Starts briefly in Belfast, moves to Switzerland and then concludes in "...that capital of Satan, Sodom-by-the-Sea, New York City"

Body count: 6

Sheila Rafferty, "A good woman, for a Yank". Marta Torres with whom he has a bit ambiguous relationship, try to figure it out yourself: "I liked her more than anyone I knew. Buit I didn't know what to do about it." And there's also his whining wife and maybe we can count Red Emma (Sam's Jaguar) too.

Once briefly when an explosion destroys near pub. Second one is pretty standard and unoriginal: "A Jagged red scribble went through my eyes, and then there was blackness."

Not really sure about its meaning. Main sub-plot is about one group of fanatics trying to steal large arms shipment from another. Have no idea where/how heaven came into the picture. 

Good as expected from Hard Case crime. But not very accurate - I guess chick is Sheila but the only time she's outside the McDaid's is when pub is blown to pieces by a planted bomb. Her description of that evening matches though: she does have red hair, green blouse, large breasts (for a thin girl).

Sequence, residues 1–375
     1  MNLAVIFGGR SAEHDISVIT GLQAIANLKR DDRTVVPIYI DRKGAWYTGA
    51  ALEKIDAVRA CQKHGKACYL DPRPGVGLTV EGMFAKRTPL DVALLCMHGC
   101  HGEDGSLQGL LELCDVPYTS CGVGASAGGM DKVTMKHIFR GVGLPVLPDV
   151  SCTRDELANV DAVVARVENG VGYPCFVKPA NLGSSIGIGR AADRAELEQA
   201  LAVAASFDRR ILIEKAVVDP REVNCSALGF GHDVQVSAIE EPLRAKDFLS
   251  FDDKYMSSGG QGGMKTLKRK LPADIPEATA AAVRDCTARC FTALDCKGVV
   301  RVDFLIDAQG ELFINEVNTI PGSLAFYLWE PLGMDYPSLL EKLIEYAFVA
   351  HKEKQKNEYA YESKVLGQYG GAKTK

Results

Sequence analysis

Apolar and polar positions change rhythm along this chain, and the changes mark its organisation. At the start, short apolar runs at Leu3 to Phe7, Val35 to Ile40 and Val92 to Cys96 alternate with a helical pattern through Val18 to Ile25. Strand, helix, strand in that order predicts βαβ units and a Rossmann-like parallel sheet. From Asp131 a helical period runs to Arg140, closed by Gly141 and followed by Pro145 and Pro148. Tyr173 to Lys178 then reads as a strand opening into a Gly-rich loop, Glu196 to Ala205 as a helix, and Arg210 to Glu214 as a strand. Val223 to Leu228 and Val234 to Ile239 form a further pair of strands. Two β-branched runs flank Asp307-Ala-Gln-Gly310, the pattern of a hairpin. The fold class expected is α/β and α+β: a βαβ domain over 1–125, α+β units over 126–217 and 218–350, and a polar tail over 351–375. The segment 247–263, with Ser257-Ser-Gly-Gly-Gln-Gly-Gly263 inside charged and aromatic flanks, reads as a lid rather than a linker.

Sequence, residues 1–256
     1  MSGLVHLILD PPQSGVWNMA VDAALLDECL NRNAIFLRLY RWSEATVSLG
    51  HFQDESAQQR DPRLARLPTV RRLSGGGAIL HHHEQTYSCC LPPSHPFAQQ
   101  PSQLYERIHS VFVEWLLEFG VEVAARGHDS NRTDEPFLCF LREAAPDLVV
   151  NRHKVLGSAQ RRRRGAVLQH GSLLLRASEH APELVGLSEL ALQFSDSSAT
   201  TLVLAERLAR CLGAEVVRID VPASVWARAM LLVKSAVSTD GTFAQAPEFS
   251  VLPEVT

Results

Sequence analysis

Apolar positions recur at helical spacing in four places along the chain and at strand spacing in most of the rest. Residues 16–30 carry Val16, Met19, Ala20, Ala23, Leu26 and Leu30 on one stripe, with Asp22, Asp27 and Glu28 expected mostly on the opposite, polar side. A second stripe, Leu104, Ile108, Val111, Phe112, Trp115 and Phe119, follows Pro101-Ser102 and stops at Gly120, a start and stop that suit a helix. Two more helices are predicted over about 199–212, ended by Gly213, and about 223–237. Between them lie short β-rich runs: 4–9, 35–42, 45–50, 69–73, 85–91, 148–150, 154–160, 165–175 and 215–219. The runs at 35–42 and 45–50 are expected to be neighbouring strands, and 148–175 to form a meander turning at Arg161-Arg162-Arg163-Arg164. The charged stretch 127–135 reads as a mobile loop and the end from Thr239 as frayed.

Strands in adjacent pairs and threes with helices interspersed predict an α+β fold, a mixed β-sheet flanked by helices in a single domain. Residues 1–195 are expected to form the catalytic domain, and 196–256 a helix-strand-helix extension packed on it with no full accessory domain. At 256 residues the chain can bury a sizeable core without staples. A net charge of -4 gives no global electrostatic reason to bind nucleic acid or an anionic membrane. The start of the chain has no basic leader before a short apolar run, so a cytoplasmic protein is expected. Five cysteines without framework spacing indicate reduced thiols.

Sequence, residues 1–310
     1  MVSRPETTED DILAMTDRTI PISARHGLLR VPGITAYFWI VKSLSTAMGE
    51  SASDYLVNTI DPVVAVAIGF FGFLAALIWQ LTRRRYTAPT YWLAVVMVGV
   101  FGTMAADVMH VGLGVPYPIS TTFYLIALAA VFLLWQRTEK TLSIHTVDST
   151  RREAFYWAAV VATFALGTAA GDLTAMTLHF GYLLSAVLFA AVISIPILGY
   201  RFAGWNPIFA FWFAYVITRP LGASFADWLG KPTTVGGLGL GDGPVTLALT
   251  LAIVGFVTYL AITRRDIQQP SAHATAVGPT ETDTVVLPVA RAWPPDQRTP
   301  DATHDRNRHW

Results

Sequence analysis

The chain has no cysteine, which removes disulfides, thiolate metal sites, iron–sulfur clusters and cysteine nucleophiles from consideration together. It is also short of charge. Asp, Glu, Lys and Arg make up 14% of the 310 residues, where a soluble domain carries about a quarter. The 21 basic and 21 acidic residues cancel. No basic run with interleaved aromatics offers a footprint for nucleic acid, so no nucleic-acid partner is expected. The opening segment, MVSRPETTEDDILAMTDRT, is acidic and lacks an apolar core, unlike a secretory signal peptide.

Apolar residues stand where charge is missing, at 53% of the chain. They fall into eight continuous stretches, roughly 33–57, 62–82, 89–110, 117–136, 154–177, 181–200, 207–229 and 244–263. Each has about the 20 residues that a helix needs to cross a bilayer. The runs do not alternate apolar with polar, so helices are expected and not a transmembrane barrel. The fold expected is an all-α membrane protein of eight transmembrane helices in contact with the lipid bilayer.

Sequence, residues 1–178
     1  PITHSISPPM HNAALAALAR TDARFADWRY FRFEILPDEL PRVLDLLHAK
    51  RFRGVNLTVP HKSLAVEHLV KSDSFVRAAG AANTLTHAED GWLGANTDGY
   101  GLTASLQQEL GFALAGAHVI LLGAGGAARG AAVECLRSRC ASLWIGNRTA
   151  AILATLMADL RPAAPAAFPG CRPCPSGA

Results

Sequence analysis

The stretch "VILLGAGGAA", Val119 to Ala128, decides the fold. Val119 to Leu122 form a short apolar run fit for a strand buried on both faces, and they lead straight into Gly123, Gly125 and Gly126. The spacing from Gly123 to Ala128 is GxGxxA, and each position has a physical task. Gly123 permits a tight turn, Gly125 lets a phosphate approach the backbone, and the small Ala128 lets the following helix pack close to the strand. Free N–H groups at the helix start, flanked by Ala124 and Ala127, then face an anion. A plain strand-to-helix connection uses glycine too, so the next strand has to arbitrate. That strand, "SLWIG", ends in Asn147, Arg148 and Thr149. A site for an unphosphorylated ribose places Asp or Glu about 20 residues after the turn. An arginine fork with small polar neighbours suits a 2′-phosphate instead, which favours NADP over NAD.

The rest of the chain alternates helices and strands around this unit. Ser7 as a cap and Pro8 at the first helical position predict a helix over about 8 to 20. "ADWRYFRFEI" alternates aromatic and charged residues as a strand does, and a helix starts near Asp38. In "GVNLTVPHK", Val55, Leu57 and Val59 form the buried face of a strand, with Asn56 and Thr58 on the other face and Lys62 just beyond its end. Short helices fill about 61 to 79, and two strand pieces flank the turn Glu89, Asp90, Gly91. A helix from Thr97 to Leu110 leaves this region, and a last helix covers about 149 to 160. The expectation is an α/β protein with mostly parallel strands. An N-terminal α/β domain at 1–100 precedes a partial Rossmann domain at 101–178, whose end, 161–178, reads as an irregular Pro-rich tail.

Cool lines:  
The thin, moustached bartender wore a Pioneer pin on his shirt, a sign that he had taken the pledge never to drink. Such Irishman are prized bartenders on the Irish saloon circuit, but I never trusted them to fix me a drink more complicated than a beer.

I slipped into the scalding hot bath. I jumped, moaned, then settled. The womb.